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In the Mood for a Good Diet?

Wednesday, May 22, 2019

Ever hear the expression “You are what you eat”? In recent years, evidence shows that food can contribute to the development, prevention, and management of mental health conditions, including depression and anxiety disorders. There is a connection between the brain and the gut, as approximately 90% of serotonin receptors are in the gut. Serotonin is used to transmit messages between nerve cells and plays a role in appetite, motor/cognitive/autonomic functions and most importantly wellbeing and emotions.

Researchers are also taking a closer look at why diet may influence mental health. Studies are exploring diet’s effects on gut microbiota (organisms in the intestinal tract), neuroplasticity (brain’s ability to modify structure, wiring and function), oxidative stress (cellular damage) and chronic inflammation.What we eat, especially foods that contain chemical additives and ultra-processed foods, affects our gut environment and increases our risk of diseases too.

Here are some useful tips for managing your mood through a balanced diet:

Eat often enough - Eating a variety of foods regularly throughout your day.Try to get the most color on your plate each meal.This helps you balance your vitamins/minerals and keep your blood sugar levels steady. Eating at regular intervals also helps to ensure your body has a continuous source of fuel, keeping your mood stable.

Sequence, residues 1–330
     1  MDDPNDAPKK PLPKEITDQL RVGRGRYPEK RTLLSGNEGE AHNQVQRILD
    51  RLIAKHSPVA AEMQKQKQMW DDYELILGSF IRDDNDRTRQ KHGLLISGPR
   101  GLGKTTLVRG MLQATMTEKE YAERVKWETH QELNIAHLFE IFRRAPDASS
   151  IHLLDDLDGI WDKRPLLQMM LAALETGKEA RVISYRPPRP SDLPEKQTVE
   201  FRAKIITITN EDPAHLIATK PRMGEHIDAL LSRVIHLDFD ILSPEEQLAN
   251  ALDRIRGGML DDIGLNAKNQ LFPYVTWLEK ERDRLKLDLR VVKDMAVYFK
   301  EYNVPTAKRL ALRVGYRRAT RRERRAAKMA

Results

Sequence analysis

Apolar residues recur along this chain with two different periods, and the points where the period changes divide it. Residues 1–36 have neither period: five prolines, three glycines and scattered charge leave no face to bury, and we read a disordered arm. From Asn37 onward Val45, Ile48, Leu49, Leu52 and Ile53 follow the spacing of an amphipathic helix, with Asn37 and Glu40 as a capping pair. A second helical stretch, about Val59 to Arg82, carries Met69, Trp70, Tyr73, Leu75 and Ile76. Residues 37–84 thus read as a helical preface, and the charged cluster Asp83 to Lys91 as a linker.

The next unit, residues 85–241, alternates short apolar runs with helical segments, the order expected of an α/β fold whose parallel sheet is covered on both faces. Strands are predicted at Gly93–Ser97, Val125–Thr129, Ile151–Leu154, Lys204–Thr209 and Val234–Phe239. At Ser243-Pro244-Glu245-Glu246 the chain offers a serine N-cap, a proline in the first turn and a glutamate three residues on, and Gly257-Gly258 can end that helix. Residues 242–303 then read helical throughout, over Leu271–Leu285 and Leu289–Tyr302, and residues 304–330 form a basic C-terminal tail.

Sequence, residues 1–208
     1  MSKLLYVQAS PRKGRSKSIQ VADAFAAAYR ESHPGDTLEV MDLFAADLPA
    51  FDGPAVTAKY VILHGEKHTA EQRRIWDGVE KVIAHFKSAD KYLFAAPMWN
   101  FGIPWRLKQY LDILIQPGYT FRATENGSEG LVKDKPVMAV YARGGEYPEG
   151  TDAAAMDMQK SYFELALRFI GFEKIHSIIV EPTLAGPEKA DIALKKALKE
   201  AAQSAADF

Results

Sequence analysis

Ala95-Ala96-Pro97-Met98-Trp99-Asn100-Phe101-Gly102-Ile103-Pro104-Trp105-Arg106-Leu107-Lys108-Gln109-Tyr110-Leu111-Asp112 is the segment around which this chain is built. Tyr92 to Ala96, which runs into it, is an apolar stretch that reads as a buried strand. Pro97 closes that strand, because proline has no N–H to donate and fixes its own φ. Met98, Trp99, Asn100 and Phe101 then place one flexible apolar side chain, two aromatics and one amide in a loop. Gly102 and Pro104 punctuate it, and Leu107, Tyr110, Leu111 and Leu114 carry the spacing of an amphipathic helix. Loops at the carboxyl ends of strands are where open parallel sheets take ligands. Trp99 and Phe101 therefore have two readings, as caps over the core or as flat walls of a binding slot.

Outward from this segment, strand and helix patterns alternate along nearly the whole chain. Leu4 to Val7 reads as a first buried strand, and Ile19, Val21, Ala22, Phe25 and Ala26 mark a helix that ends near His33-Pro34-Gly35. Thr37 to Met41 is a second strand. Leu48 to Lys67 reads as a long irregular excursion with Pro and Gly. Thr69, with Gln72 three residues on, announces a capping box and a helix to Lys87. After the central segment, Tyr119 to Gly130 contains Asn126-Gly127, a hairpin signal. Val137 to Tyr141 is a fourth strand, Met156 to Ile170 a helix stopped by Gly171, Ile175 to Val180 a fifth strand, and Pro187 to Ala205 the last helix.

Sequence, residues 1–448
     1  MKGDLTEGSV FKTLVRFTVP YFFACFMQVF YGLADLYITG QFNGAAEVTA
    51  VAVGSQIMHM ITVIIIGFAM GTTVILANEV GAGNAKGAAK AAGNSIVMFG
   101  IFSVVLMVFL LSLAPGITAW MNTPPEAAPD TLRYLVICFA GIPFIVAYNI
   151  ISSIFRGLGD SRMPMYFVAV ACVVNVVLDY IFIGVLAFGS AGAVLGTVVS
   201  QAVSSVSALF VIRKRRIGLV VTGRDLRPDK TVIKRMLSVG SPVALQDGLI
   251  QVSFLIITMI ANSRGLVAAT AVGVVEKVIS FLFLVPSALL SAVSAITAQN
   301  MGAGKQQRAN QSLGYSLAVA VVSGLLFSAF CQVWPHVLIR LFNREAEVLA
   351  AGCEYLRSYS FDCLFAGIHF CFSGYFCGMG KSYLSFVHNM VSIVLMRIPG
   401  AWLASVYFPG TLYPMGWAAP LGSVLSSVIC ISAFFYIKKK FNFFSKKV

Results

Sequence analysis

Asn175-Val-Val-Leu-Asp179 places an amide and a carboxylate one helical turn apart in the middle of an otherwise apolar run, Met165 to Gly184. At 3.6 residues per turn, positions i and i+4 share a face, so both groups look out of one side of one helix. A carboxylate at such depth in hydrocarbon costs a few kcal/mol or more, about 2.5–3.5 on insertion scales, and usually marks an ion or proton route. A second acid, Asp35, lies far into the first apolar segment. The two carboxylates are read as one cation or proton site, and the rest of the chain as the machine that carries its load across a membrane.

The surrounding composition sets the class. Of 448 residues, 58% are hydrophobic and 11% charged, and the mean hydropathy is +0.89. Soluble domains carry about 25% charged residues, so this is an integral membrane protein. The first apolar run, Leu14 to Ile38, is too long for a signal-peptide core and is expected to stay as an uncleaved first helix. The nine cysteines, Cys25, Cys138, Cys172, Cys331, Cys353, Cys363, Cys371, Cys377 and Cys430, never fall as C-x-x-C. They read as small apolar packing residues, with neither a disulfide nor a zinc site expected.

Healthy lean source of protein with every meal (eggs, poultry, seafood, tofu, Greek yogurt) - slows the absorption of carbohydrates in your blood and increase the release of dopamine and norepinephrine, which may improve your mood and energy for several hours after eating.

Fiber (whole grains, oats, beans, pears, peas, brussel sprouts) – Foods that contain fiber tend to be nutrient rich, slow the absorption of sugar into your bloodstream and increase serotonin to stabilize your mood throughout the day.

Start paying attention to how eating different foods makes you feel — not just in the moment, but the next day. Try eating a “clean” diet for two to three weeks — that means cutting out all processed foods and sugar. What you may discover is that the processed foods may satisfy your taste buds, but they probably don’t help your mood. The biggest culprits are simple sugars that cause your blood sugar to rise and fall like a rollercoaster. Blood sugar spikes and drops can leave you with a short-lived burst of energy followed by a tired, cranky feeling.

See how you feel after those 2-3 weeks; then slowly introduce foods back into your diet, one by one, and see how you feel! Many people notice a dramatic difference!


Magill, A.What is the Relationship Between Food and Mood? March 13, 2018.Mental Health First Aid News.Accessed 5/22/19

Selhub, E.Nutritional psychiatry: Your brain on food.April 05, 2018.Harvard Health Blog.Accessed 5/22/19

Naidoo, Uda. Gut Feelings: How Food Affects Your Mood. December 7. 2018. Harvard Health Blog. Accessed 5/21/19